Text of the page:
We've written at length about the MLB TV rights, which will be up for bidding in the offseason. Turner won the rights to the wild card playoff games, and we didn't even consider the possibility of NBC getting in on the act. During our podcast with John Ourand last month, he predicted that the current rights holders (Turner, ESPN, and Fox) would re-up with MLB. However, there's one little wrinkle that's popped up this month that has me wondering if NBC is going to make a play for MLB rights… and that is a little show called Caught Looking.
What *is* Caught Looking? Well, it's a "behind the scenes" look at MLB, with this show focusing on a different weekend series every week, with exclusive clubhouse access, interviews, and the such. It kind of reminds me of The Franchise on Showtime, but more condensed. The show matches some of the other high quality documentary-style programming that's hot right now. With its own behemoth network, there's no reason MLB couldn't just broadcast the show on there instead of on NBC Sports Network. But NBC's willingness to collaborate with Major League Baseball on this show, and air it on one of their channels, makes me think that they're going to make a play for the MLB rights when they come up.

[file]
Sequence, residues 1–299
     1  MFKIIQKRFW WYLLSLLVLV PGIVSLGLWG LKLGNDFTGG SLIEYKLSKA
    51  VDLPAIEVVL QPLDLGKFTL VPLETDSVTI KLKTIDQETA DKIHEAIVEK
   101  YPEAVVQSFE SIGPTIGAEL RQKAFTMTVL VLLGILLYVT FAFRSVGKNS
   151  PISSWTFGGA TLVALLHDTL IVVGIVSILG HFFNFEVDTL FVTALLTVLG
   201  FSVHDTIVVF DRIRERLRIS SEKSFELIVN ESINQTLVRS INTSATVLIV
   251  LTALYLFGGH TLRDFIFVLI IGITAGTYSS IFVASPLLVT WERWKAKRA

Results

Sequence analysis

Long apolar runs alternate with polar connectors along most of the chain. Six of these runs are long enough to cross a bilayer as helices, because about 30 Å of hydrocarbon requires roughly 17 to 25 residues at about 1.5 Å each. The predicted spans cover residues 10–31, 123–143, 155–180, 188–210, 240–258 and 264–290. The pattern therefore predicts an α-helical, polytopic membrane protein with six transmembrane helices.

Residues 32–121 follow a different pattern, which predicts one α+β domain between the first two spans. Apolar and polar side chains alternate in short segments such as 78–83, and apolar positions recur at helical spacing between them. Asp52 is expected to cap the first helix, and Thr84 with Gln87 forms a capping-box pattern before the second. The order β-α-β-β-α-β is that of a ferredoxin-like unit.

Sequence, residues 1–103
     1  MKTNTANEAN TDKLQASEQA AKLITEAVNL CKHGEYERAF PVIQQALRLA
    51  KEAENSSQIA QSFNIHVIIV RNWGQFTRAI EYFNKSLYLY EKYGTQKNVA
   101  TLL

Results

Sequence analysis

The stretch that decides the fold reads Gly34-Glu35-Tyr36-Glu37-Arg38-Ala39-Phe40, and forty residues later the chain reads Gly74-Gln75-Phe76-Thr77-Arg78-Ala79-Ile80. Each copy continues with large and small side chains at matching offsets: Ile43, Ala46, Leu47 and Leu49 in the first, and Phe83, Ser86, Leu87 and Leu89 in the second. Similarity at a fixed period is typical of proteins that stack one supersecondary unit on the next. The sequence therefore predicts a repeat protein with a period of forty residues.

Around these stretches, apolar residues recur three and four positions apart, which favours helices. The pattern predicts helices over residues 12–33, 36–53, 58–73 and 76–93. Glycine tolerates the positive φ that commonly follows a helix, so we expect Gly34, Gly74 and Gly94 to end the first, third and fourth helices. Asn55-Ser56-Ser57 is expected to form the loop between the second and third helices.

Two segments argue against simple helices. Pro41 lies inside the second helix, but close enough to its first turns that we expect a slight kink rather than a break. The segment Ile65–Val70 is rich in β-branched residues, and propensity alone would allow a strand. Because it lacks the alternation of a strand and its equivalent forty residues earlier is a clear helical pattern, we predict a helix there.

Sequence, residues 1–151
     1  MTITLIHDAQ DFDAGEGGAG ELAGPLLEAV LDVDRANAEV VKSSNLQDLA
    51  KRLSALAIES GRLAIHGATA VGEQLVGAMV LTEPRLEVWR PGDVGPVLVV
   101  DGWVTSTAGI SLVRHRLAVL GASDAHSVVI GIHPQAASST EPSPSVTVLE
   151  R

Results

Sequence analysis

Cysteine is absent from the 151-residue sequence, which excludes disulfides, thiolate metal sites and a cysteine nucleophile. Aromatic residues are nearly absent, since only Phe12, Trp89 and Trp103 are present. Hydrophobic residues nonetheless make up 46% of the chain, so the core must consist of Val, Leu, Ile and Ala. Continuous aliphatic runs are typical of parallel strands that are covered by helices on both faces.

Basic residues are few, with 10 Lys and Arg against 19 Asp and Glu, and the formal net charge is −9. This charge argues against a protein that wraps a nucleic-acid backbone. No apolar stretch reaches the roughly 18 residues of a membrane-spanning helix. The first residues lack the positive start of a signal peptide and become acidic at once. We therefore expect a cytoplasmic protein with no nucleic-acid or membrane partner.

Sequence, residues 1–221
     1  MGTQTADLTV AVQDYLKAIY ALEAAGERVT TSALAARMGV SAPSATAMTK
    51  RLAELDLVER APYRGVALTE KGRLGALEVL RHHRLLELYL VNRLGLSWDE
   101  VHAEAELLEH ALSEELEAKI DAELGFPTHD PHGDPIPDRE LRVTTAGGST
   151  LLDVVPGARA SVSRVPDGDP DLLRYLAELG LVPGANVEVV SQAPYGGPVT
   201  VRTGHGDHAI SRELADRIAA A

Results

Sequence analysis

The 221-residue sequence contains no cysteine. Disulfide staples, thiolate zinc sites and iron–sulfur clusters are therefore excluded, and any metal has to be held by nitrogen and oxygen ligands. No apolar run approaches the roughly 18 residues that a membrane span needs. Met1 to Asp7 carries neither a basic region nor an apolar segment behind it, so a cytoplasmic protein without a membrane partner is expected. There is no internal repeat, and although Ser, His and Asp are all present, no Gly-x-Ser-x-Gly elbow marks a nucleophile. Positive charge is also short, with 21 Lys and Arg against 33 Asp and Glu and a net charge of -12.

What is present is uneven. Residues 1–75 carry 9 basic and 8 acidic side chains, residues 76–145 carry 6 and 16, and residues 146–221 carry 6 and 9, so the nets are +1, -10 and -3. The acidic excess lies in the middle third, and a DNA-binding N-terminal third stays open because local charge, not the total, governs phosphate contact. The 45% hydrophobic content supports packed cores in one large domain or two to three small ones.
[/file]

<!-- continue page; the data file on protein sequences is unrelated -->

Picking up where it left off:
NBC hasn't had any MLB rights since the 2000 season, and aside from a small gap from 1990-1993, held MLB rights since way back in 1947. NBC (along with ABC) was also involved in a precursor to MLB Network in 1994 (The Baseball Network), which drew ratings in 1994 that Fox has yet to match since gaining MLB rights in 1995. However, the Baseball Network would have resulted in mass uprisings in the year 2012, thanks to the nationwide blackouts it enacted.
At any rate, I'm sure that NBC would love to get MLB rights back. This column from Richard Sandomir is a great look at a possible MLB-NBC marriage and why it makes sense. Caught Looking might not necessarily be a precursor to anything, because The Franchise has aired on CBS-owned Showtime for two seasons now, and there aren't any rumblings about CBS going after MLB rights. Caught Looking also continues NBC's original programming push and opens up a different fanbase that may not otherwise tune into the network.
With Bob Costas (and possibly Dan Patrick) in the fold at NBC, the network has a built-in talent base ready to cover a World Series if need be. The battle for MLB rights isn't necessarily going to be a breeze for the current holders, and I think NBC is going to put together a huge offer for MLB. Caught Looking may be just the beginning.